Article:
Herpes is a common and usually mild recurrent skin condition; most infections are unrecognized and undiagnosed.
Herpes is caused by a virus: the herpes simplex virus (HSV).
HSV is in a family of viruses called herpesviruses. This family includes Epstein-Barr virus (the cause of mono) and the varicella zoster virus (the cause of chicken pox and shingles).
Although there are several viruses in the herpesvirus family, each is a separate virus and different. Having one virus does not mean you will have another.
HSV can cause oral herpes (cold sores or fever blisters on the mouth or facial area) as well as genital herpes (similar symptoms in the genital region).
There are two types of herpes simplex: herpes simplex virus type 1 (HSV-1) and herpes simplex virus type 2 (HSV-2).
The majority of oral herpes cases are caused by HSV-1 and the majority of genital herpes cases are caused by HSV-2; however, type-1 or type-2 can occur in either the genital or oral area.
What is my risk as a woman of transmitting genital herpes to my male partner?
The risk of infection is based on several factors, but the best estimate is that approximately four percent of men will become infected in a monogamous relationship with an HSV-positive woman over the course of a year. This contrasts with approximately 17 percent of women in a monogamous relationship with an HSV-positive male becoming infected.
Does having oral herpes protect me from genital herpes?
No. Some experts have speculated that having oral herpes reduces the chances of acquiring genital herpes but most authorities believe there is no significant cross-protection between the two types.
If I have no symptoms, doesn't that mean I am less likely to transmit the virus?
Yes and no. The amount of virus produced is greatest at the time someone is having an outbreak. Yet many outbreaks occur without the person realizing it. Lesions can be so small or hidden from view that only special tests can prove one is having an outbreak. It is estimated that 80 percent or more of persons without visible symptoms are infectious at some point in their lives.
How effective are condoms for preventing infection?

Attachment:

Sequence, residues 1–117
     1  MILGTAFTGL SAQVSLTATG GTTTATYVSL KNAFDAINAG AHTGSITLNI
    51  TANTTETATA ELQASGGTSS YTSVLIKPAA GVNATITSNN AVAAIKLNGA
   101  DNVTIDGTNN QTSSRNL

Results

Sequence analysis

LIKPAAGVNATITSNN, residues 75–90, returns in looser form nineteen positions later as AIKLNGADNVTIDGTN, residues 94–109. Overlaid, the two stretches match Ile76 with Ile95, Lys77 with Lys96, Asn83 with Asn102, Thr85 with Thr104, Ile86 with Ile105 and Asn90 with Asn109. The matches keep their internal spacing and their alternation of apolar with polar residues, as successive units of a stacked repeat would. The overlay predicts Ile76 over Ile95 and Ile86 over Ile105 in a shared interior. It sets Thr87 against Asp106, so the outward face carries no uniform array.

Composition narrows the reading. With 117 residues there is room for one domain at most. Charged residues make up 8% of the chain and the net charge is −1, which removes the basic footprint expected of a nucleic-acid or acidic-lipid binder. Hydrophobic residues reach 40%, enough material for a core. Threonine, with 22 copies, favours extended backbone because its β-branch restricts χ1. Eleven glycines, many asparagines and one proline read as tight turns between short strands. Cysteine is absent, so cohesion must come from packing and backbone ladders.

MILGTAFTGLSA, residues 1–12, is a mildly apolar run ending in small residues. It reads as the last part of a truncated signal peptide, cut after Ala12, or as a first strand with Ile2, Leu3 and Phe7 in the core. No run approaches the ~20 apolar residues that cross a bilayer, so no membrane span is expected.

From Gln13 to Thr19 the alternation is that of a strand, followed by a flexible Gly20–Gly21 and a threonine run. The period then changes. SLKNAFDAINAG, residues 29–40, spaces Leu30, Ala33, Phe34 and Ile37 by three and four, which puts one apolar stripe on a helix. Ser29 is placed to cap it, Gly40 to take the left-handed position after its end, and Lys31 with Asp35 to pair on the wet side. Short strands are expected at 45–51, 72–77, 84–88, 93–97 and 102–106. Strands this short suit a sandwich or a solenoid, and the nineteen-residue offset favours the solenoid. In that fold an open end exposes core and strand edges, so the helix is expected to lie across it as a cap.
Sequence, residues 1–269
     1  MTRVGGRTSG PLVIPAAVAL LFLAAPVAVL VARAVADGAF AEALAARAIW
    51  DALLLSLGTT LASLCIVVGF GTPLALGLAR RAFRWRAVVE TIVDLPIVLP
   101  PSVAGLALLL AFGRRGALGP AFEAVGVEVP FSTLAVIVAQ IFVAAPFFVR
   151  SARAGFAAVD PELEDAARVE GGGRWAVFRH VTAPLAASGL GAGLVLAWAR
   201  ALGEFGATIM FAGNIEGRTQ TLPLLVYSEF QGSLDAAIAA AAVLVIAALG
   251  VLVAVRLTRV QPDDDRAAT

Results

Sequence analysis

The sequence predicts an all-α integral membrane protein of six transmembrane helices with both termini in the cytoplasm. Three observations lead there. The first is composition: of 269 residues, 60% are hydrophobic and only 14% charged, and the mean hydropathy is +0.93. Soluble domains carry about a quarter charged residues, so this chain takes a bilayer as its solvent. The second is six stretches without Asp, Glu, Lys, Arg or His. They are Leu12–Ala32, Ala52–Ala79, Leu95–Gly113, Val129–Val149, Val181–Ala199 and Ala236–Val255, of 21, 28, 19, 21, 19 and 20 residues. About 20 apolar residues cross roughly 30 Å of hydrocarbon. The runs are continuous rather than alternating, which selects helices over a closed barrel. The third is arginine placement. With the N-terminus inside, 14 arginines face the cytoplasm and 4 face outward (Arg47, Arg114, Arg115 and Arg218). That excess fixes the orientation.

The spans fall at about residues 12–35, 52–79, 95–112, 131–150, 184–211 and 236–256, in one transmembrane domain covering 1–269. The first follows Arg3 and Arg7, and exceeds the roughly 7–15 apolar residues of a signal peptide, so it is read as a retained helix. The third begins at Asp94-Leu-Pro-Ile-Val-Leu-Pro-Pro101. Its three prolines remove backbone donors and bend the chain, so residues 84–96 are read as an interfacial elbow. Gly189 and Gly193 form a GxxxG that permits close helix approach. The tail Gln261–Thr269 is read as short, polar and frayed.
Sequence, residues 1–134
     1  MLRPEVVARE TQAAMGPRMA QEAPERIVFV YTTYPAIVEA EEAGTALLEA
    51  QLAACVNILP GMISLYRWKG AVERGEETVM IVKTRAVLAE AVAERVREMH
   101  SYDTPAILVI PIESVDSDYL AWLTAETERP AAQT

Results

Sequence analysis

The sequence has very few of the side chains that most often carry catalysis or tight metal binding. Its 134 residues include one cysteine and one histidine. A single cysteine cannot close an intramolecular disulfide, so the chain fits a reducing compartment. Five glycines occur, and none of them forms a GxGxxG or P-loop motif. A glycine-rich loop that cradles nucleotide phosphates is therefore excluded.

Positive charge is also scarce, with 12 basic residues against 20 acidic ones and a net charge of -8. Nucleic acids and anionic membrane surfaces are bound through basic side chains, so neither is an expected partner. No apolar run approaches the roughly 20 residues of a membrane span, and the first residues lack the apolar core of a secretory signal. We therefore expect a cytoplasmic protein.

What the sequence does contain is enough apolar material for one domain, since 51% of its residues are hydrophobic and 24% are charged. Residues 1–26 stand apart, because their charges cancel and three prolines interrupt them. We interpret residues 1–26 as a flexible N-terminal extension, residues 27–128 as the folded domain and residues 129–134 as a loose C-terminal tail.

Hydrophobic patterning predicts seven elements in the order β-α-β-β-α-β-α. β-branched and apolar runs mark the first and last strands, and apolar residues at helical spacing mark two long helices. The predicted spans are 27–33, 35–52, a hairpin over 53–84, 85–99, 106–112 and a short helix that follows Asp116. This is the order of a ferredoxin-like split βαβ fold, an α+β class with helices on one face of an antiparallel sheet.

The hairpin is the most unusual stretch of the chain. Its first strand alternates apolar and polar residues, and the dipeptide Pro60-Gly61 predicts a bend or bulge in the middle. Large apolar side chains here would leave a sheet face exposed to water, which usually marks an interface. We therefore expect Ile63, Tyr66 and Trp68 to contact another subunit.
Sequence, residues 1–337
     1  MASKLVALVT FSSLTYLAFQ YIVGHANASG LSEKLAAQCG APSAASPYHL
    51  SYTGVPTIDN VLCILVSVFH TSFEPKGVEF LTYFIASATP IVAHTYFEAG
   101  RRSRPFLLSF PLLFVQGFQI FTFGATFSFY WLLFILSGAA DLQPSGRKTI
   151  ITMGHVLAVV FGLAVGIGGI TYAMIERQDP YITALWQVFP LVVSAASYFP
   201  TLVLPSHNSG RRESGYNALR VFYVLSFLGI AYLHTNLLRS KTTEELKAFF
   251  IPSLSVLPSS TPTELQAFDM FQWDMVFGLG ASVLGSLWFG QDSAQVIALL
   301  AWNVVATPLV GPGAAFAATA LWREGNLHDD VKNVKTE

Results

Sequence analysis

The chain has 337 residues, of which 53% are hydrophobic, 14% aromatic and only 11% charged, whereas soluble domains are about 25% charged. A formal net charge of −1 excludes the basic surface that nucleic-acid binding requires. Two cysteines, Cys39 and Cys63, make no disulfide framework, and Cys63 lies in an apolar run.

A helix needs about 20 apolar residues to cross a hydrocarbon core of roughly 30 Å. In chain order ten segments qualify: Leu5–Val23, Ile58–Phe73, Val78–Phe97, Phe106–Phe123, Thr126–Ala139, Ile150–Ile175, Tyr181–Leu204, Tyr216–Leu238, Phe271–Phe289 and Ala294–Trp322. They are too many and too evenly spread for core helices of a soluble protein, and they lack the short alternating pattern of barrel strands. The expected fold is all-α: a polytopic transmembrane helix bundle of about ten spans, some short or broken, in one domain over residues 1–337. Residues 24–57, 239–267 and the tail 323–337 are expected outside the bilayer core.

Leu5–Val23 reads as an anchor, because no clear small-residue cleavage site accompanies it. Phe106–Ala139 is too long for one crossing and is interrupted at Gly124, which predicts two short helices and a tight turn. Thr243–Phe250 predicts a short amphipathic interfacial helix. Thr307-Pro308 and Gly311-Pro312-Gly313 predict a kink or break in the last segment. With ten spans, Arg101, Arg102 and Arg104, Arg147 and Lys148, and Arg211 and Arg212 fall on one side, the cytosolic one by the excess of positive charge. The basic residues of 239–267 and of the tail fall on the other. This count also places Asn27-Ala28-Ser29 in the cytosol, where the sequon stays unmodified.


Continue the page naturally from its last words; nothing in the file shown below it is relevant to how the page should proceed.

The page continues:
They are highly effective. The virus cannot penetrate through latex barriers. However, it is possible, although rare, to acquire infection during skin-to-skin contact if a lesion is present and not covered by a condom.
How is genital herpes diagnosed?
Visual inspection is the most common way of making a diagnosis. Viral cultures are also commonly used, but only when a sore is present. Recently, blood tests have become available that can accurately determine infection. and can accurately distinguish between the two types of HSV even when no symptoms are present, i.e., the lesion is on the scrotum.
How safe are the drugs used for treating genital herpes?
All of the commonly used prescription medications are well-tolerated and have few short-term side effects. Acyclovir has been studied the longest and its long-term safety is good, both in pregnant women and in children. However, its long-term effect on fetuses is not known.
What causes recurrent outbreaks of genital herpes?
This is an important question and hard to answer definitively. Some factors that have been studied include stress, poor diet, menstruation and irritation from vigorous sex. However, there is no way of accurately predicting when the next outbreak will come. Keeping one's immune system strong is important. (Persons with weakened immune systems, such as HIV-positive individuals, have more frequent and severe outbreaks than HIV-negative persons.) Experts also recommend getting emotional support, as the psychological impact of genital herpes often is more upsetting than the physical symptoms.
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